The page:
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Edward C. Elliott papers

 Collection — Multiple Containers
Identifier: UA 50

Scope and Contents

The Edward C. Elliott Papers (1890-1975; 22.8 Cubic ft.) document the life and career of educator and former Purdue University President Edward Elliott. The majority of the papers date from 1940 to 1960. The papers reflect the original order as they were received from Elliott and his family, and therefore have not been divided into series or subject areas. The Elliott Papers document Elliott's education and career, particularly his tenure as President of Purdue University (1922-1945), but also his work relating to education, military training, and pharmaceutical surveys. Portions of the papers relate to Elliott's positions at the University of Montana and the University of Wisconsin. Some personal papers are included which document Elliott's academic background, family, and personal life. A small collection of Elliott's personal belongings, such as medals and awards, academic regalia, and books from his personal library are included in the collection. Types of materials in the papers include: correspondence; reports; meeting minutes; printed material (brochures, publications, newspaper clippings, books); biographical information; notes and transcripts of speeches; certificates; diplomas; schedules and itineraries; rosters and lists; ledgers; charts; research notes; articles of incorporation and bylaws; photographic materials; audio-visual materials; sheet music; scrapbooks; artifacts; ephemera; surveys; press releases; works of art on paper; and daily appointment books. The scrapbooks, in particular, thoroughly document the life, career, and activities of Elliott, and his appointment books contain notations to significant events such as bringing Amelia Earhart to Purdue University. The papers include correspondence between Elliott and noted individuals such as George Ade, John T. McCutcheon, and others. Documents in the collection also relate to Elliott's relationships with and/or memories of prominent people such as Thomas Edison, Amelia Earhart, Booth Tarkington, Frederick Hovde, Lillian Gilbreth, Chase S. Osborn, David Ross, Thomas Francis Moran, Lord Halifax, and artist Maude Phelps Hutchins. Subjects covered extensively in the papers include higher education, pharmaceutical education and surveys, military training, the United States Armed Forces Institute, the Purdue Research Foundation, the War Manpower Commission, the Army Ordnance Corps, the Purdue Aeronautical Corporation, and the Elliott Hall of Music at Purdue University. Researchers should note that most of Elliott's working papers as Purdue President, along with many of his personal papers, were destroyed in a warehouse fire after Elliott retired from Purdue.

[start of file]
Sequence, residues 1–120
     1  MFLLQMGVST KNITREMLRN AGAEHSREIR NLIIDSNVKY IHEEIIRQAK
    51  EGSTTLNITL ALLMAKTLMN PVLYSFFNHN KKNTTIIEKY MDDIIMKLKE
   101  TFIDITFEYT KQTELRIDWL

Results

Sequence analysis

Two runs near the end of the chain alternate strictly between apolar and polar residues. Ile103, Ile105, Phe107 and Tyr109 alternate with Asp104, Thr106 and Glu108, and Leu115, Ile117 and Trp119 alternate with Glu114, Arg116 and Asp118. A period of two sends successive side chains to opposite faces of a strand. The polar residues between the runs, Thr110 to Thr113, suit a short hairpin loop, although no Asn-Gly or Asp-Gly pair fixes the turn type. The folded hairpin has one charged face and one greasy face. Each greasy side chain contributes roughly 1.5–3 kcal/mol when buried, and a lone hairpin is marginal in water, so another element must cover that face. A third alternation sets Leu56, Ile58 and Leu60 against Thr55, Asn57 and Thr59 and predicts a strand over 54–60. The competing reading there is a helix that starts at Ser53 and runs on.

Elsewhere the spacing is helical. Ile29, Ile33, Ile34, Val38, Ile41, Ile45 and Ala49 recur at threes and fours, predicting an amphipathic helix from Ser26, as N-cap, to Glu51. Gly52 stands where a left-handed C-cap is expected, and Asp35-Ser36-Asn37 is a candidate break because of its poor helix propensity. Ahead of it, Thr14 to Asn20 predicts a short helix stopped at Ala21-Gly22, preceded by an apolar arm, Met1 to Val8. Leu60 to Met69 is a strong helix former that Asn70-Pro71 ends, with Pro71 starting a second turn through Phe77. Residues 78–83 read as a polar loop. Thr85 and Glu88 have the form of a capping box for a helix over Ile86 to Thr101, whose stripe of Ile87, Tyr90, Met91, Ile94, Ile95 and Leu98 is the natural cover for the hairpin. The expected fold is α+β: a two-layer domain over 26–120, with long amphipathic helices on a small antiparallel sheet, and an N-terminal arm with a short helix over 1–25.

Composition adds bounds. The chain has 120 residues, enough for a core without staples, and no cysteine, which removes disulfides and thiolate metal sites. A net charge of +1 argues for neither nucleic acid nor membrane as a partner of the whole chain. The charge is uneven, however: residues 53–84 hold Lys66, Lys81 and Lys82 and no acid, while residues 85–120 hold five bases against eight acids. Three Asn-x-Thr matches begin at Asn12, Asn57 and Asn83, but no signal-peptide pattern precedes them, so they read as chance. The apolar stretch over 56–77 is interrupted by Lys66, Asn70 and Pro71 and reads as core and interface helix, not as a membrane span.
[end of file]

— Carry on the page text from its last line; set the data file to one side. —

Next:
• 1890-1975
  • Majority of material found within 1940-1960
  • Other: Date acquired: 11/30/1959


Language of Materials

Collection materials are in English.

Access Information

Collection is open for research.

Copyright and Use Information

Some material in this collection are in the public domain, while other material copyrights are held by Purdue University. Consult with Purdue University Archives and Special Collections prior to reproduction of materials.

Biographical Information